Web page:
By: Matt Fraction (story), Annie Wu (art), Matt Hollingsworth (colors)
The Story: Will Kate get to the bottom of her latest case? God only knows…
The Review: Because I am nothing if not obsessive-compulsive when it comes to pretty much anything, I had something of a panic attack when I picked up this issue and saw #16 on the cover. Fortunately, one frantic Bing search* later revealed that it was Marvel that had switched things around for reasons I didn’t bother to investigate.** Anyway, the last Kate-centric issue of Hawkeye was so good, it’s not as if you’d mind seeing her again this soon.
This time around, Kate tackles the delightfully messy celebrity culture of her new hometown. For Kate, the complicated melodramas of Will Bryson (a trademark-skirting stand-in for Brian Wilson of the Beach Boys) and his brother Grey are an anathema for her usual stridence. Indeed, she sinks herself into the Brysons’ lives believing there’s “a case” behind the conflict, only to discover it was simply the byproduct of “being nuts and stoned all the time and richer than God[.]” Such is the way of a P.I., to discover the human frailty behind the crime.
The problem is Fraction wants to present the story as a cautionary tale about drugs, celebrity, family and artistry, but instead it only touches upon all those things and culminates in Kate complaining about the general awfulness of L.A. Will’s special concert is supposed to redeem all that, but Fraction tags it on as a snappy, sentimental resolution that doesn’t naturally arise from the plot. Last we see Will, he’s still morose over the loss of his masterwork; so what exactly motivates him to venture back into the world which he seems so desperate to escape?
Perhaps Fraction thinks he’s doing us a favor by sparing us the After School Special moment which encourages Will to share his “Wish” with the rest of the world. But without seeing the exact transition from point A to B, we lose an important chunk of the story’s meaning. Will’s recovery and newfound confidence seems instantaneous and unsold, rendering his brother’s bitter death tragically needless.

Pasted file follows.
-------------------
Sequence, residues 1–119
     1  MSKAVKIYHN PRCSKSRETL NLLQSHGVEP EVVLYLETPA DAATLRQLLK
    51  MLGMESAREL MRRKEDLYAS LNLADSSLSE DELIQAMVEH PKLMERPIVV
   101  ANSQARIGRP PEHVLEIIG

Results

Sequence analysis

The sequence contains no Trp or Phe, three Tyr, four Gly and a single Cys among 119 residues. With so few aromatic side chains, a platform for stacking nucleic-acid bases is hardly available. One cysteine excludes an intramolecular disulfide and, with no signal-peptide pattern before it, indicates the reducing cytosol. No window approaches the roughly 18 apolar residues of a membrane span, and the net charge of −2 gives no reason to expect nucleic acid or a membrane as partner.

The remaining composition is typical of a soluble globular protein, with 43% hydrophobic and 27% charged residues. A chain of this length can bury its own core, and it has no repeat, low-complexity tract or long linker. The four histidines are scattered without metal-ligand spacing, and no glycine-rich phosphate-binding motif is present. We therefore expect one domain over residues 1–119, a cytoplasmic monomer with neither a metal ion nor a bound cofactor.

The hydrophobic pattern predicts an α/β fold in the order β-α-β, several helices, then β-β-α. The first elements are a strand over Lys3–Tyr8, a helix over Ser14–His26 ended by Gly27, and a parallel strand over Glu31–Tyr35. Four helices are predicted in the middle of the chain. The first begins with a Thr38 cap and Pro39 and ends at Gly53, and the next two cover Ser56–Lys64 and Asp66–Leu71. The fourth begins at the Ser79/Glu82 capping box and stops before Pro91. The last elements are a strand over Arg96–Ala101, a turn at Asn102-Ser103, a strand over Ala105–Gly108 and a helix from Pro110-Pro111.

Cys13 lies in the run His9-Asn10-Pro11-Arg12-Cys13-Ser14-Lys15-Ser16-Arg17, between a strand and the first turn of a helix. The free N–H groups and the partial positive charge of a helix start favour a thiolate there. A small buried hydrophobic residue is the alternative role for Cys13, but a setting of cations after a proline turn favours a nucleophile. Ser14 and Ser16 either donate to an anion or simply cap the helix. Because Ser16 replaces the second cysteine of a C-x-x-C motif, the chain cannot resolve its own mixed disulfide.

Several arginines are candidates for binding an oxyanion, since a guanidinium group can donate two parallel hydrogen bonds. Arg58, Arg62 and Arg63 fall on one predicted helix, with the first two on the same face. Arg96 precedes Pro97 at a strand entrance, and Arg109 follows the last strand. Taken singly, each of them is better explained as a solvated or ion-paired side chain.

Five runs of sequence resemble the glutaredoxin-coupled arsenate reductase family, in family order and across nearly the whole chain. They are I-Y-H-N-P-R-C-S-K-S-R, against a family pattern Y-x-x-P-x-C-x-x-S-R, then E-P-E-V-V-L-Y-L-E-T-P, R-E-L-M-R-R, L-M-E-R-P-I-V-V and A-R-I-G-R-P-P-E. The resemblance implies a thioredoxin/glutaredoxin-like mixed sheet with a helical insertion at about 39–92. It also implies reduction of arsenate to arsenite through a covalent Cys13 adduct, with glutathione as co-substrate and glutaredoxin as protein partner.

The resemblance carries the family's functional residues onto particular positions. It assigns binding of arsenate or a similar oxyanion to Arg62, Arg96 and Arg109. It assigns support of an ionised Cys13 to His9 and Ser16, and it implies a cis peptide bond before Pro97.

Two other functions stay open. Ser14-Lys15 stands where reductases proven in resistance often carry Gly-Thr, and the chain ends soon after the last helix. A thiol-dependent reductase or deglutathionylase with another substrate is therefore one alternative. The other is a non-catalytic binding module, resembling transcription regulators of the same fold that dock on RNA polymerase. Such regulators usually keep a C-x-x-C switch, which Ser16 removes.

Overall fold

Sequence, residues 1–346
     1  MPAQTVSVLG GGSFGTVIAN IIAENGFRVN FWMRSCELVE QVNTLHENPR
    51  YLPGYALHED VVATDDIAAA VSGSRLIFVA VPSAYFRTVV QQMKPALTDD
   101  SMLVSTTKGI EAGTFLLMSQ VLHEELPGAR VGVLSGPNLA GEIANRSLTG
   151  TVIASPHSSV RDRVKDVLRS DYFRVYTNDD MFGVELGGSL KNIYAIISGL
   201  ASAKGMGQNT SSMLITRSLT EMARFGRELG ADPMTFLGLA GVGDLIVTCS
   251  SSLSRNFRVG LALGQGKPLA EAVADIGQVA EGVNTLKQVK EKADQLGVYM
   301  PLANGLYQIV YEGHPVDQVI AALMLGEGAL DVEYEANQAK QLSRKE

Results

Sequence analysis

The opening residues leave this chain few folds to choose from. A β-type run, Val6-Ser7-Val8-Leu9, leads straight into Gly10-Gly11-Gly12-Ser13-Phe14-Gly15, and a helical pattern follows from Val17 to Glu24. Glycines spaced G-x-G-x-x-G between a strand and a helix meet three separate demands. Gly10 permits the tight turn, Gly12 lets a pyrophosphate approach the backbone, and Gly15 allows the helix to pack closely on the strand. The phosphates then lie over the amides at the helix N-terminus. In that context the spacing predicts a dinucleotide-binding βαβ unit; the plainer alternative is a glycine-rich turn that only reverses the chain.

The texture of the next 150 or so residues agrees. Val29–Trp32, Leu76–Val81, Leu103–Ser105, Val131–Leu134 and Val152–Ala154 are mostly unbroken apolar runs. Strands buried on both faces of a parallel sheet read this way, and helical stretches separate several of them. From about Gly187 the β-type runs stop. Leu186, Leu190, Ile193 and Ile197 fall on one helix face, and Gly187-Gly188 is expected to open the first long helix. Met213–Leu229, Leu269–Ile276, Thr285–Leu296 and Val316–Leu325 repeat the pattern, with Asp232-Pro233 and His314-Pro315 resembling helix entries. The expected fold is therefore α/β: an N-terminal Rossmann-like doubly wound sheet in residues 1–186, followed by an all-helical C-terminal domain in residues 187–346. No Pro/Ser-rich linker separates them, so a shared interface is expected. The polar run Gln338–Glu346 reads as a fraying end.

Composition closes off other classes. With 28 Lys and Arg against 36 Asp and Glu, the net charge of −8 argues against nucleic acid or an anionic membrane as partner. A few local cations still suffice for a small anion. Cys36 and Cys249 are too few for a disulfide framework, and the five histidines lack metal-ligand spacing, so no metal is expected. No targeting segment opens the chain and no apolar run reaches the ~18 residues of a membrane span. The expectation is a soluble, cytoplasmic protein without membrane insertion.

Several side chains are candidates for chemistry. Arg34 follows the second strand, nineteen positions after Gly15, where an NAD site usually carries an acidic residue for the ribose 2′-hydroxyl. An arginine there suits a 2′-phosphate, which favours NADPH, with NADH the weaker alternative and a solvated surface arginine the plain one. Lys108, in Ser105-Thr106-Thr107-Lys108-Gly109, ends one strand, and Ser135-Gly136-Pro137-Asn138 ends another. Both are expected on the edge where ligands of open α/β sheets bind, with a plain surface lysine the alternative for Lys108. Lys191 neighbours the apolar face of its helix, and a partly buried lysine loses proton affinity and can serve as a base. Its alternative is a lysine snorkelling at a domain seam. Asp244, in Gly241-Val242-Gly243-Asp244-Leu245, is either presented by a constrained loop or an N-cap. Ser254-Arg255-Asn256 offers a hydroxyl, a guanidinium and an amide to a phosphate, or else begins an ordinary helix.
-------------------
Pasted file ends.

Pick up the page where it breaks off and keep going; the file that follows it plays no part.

This issue also reveals weak spots in Fraction’s long-term plans for Kate in California, mainly in the character work. With the self-sufficient Clint, Fraction can afford to keep the supporting players on the fringes, entering Clint’s world only to enhance his solo story. But Kate’s no longer in the same position of independence. If she’s going to rely on all these guys to get by, they deserve to be fleshed out, not simply tools to propel her story forward. That means giving Detective Caudle more to do than to just be grouchy. At the very least, Fraction needs to give Kate’s mysterious P.I. mentor, as well as the nicer half of her gay neighbors, names.
At least there’s always Fraction’s breezy narrative and hipster-ish sense of humor to carry the issue. The Brysons’ story is well-told, even if it doesn’t quite lead to the payoff you hoped for, and no one can pull off the somewhat obscure pop-reference-jokes the way Fraction does. In retelling her side of the story of how she asked a librarian to illegally download some music for her, Kate complains, “I asked a very simple question of a woman who in theory is supposed to facilitate availability of information and suddenly everybody’s Metallica’s drummer.”
Wu has the remarkable ability to make sudden shifts between sharp, angular linework to lines that freely swoop and swirl across the page. It’s the contrast of these two styles which marks the division between Kate’s intense investment in the present and Will Bryson’s seduction with the past, which in turn shows Wu’s comfort level with both the action-oriented and drama-driven sequences of the issue. Hollingsworth’s colors are no less striking for their flatness, allowing Wu’s fine lines to assert themselves and emphasize each and every hue.
Conclusion: The story peters out towards the end and does little to bring Kate’s new life to, well, life, but Fraction and Wu’s execution is strong enough to deliver an entertaining read anyway.
Some Musings: * Yes, I do use Bing as my primary search engine. Don’t knock it; ninety percent of the time, I get what I need, plus it gives you points which you can exchange into Amazon gift cards. Sadly, I am not being paid for this endorsement of both Bing and Amazon. Clearly, I’m in the wrong gig.
** So long as the problem didn’t have anything to do with me, Marvel could number the issue #117 for all I cared. It’s that self-interested bottom line mentality that makes me so popular during Secret Santa parties.
– Does anybody else find it weird that Kate can get beat up by two thugs in nurse’s outfits when she’s survived time-traveling criminals, alien invasions, and close encounters with extradimensional beings?